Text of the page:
Predators kill and feed on several to many individual prey during their lifetimes. Many species of amphibians, birds, mammals, and reptiles prey extensively on insects. Predatory beetles, flies, lacewings, true bugs (Order Hemiptera), and wasps feed on various pest insects or mites. Most spiders feed entirely on insects. Predatory mites that feed primarily on pest spider mites include Amblyseius spp., Neoseiulus spp., and the western predatory mite, Galendromus occidentalis.

Table 1. Some Pests and Their Common Natural Enemies.
PESTS Lacewings Lady beetles Parasitic flies Parasitic wasps Predatory mites Other Groups and Examples
aphids X X   X   entomopathogenic fungi, soldier beetles, syrphid fly larvae
carpenterworm, clearwing moth larvae       X   entomopathogenic nematodes
caterpillars (e.g., California oakworm) X   X X   Bacillus thuringiensis, birds, entomopathogenic fungi and viruses, predaceous bugs and wasps, Trichogramma spp. (egg parasitic wasps), spiders
cottony cushion scale   X X     Cryptochaetum iceryae (parasitic fly), vedalia beetle
elm leaf beetle     X X   Erynniopsis antennata (parasitic fly), Oomyzus (=Tetrastichus) spp. (parasitic wasps)
eucalyptus longhorned borers       X   Avetianella longoi (egg parasitic wasp)
eucalyptus redgum lerp psyllid       X   Psyllaephagus bliteus (parasitic wasp)
giant whitefly X X   X   Encarsia hispida, Encarsia noyesi, Entedononecremnus krauteri, and Idioporus affinis (parasitic wasp), syrphid fly larvae
glassy-winged sharpshooter X     X   assassin bugs, Gonatocerus spp. (egg parasitic wasps), spiders
lace bugs X X   X   assassin bugs and pirate bugs, spiders
mealybugs X X   X   mealybug destroyer lady beetle
mosquitoes           Bacillus thuringiensis spp. israelensis, mosquito-eating fish
psyllids X X   X   pirate bugs
scales X X   X X Aphytis, Coccophagus, Encarsia, and Metaphycus spp. parasitic wasps
slugs, snails     X     Rumina decollata (predatory snail), predaceous ground beetles, birds, snakes, toads, and other vertebrates
spider mites X X     X bigeyed bugs and minute pirate bugs, Feltiella spp. (predatory cecidomyiid fly larvae), sixspotted thrips, Stethorus picipes (spider mite destroyer lady beetle)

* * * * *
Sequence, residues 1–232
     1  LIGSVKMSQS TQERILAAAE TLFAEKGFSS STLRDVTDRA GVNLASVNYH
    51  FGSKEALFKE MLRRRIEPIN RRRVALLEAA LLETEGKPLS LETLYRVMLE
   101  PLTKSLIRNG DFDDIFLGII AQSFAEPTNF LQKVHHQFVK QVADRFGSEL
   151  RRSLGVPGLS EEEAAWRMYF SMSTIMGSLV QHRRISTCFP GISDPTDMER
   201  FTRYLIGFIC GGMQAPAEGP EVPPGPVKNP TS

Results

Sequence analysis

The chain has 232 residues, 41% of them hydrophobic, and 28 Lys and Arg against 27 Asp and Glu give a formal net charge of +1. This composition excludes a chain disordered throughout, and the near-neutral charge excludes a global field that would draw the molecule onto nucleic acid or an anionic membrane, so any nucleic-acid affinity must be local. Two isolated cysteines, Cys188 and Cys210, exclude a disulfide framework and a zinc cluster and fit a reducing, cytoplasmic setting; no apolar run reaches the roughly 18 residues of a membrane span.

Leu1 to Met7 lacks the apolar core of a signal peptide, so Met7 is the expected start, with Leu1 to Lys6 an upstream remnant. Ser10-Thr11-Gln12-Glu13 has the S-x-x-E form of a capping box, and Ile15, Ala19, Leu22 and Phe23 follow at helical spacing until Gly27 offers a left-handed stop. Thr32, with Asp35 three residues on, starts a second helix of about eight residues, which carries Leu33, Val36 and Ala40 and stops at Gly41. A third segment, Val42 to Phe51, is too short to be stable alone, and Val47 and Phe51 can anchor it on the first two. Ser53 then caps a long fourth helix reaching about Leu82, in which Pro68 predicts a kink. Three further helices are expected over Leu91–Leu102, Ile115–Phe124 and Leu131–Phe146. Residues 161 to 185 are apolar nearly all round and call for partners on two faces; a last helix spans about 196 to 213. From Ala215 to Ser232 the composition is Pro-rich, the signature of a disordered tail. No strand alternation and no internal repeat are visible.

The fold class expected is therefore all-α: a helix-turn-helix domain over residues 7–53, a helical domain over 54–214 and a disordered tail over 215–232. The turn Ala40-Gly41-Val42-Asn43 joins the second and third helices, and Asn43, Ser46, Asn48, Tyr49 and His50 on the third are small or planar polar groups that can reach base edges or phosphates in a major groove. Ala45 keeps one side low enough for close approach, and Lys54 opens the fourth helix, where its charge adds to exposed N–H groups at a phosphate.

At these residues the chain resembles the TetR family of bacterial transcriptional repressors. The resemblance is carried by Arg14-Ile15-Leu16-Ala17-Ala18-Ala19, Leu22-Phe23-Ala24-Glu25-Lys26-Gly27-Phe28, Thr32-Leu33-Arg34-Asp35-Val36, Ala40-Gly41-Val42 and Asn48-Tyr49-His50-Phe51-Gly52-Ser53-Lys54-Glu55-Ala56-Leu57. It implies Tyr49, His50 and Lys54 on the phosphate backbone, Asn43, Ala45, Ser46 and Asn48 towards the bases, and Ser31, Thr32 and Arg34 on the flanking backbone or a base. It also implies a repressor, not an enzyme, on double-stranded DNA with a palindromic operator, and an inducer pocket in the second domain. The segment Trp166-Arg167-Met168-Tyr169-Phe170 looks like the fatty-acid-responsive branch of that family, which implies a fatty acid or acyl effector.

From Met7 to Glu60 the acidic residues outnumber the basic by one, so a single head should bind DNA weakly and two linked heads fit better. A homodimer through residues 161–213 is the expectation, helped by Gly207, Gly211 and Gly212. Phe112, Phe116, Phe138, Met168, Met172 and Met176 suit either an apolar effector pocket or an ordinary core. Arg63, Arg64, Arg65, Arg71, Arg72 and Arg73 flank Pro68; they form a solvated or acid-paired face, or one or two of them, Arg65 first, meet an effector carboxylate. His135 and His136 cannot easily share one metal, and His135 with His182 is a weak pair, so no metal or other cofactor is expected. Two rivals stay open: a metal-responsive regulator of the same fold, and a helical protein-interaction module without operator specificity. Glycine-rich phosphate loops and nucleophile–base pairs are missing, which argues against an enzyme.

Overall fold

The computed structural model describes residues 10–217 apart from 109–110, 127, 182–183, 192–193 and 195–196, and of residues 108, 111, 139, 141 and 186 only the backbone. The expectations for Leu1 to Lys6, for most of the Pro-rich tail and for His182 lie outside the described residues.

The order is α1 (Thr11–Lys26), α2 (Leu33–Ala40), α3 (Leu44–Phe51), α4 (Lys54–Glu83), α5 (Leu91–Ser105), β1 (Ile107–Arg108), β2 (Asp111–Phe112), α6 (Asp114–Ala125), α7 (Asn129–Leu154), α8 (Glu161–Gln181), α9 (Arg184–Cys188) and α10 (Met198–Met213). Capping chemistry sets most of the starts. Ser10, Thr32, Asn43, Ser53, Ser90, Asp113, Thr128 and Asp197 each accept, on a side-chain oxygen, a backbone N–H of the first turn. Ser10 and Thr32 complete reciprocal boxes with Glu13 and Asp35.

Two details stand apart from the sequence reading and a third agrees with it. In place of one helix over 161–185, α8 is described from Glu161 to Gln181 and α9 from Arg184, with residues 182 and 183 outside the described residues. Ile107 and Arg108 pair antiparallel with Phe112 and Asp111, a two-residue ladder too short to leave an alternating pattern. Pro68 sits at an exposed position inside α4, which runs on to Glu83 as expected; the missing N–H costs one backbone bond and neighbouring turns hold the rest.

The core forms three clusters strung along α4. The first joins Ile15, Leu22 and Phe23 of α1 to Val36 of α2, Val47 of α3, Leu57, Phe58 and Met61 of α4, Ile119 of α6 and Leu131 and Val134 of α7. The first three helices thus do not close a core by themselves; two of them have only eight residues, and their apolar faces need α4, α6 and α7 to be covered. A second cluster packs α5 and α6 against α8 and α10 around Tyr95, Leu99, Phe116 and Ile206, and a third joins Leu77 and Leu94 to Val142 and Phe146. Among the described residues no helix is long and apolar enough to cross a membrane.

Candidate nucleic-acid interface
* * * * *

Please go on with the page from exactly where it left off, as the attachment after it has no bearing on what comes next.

thrips X     X X minute pirate bugs, predatory thrips
weevils, root or soil-dwelling       X   Steinernema carpocapsae and Heterorhabditis bacteriophora (entomopathogenic nematodes)
whiteflies X X   X   bigeyed bugs and minute pirate bugs, Cales, Encarsia, and Eretmocerus spp. parasitic wasps, spiders


Green lacewing larva attacking aphid with its mandibles.

Green lacewing larva attacking aphid with its mandibles.

Adult assassin bug attacking a lygus bug.

Adult assassin bug attacking a lygus bug.

Entomopathogenic nematodes emerging from a root weevil larva they killed.

Entomopathogenic nematodes emerging from a root weevil larva they killed.


Proper identification of pests, and distinguishing pests from natural enemies, is essential for effective biological control. Carefully observe the mites and insects on your plants to help discern their activity. For example, some people may mistake syrphid fly larvae for caterpillars. However, syrphid fly larvae are found feeding on aphids and not chewing on the plant itself. If you find mites on your plants, observe them with a good hand lens. Predaceous mites appear more active than plant-feeding species. In comparison with pest mites, predaceous mites are often larger and do not occur in large groups.

Consult publications listed in the References to learn more about the specific pests and their natural enemies in your gardens and landscapes. Take unfamiliar organisms you find to your local University of California (UC) Cooperative Extension office, UC Master Gardener Program, or agricultural commissioner office in your county for aid in identification.